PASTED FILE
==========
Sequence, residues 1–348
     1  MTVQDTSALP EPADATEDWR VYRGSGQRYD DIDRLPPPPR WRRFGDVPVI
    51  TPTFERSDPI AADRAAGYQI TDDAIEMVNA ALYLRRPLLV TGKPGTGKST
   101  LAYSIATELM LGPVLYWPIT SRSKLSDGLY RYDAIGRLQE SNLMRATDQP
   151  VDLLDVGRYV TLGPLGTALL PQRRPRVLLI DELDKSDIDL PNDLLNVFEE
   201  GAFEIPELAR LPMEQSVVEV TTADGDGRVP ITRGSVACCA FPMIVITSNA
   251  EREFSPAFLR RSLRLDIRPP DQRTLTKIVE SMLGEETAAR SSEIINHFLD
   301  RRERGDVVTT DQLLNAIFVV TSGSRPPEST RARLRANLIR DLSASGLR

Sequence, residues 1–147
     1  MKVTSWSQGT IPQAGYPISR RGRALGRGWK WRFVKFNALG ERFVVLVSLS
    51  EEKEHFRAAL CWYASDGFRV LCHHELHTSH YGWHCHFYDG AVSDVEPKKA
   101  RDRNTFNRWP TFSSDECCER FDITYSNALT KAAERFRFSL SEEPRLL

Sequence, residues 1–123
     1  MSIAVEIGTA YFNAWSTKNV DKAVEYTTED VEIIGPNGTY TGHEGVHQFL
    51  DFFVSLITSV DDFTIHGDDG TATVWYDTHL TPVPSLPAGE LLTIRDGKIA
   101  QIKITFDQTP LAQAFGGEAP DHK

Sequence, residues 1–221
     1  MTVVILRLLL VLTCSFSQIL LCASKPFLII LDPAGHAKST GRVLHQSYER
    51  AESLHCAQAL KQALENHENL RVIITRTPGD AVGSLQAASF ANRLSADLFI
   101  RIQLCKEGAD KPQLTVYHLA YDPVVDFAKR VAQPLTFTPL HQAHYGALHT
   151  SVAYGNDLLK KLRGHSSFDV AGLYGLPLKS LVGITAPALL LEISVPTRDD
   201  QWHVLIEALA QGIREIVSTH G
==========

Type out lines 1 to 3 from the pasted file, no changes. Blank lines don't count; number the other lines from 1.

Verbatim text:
Sequence, residues 1–348
     1  MTVQDTSALP EPADATEDWR VYRGSGQRYD DIDRLPPPPR WRRFGDVPVI
    51  TPTFERSDPI AADRAAGYQI TDDAIEMVNA ALYLRRPLLV TGKPGTGKST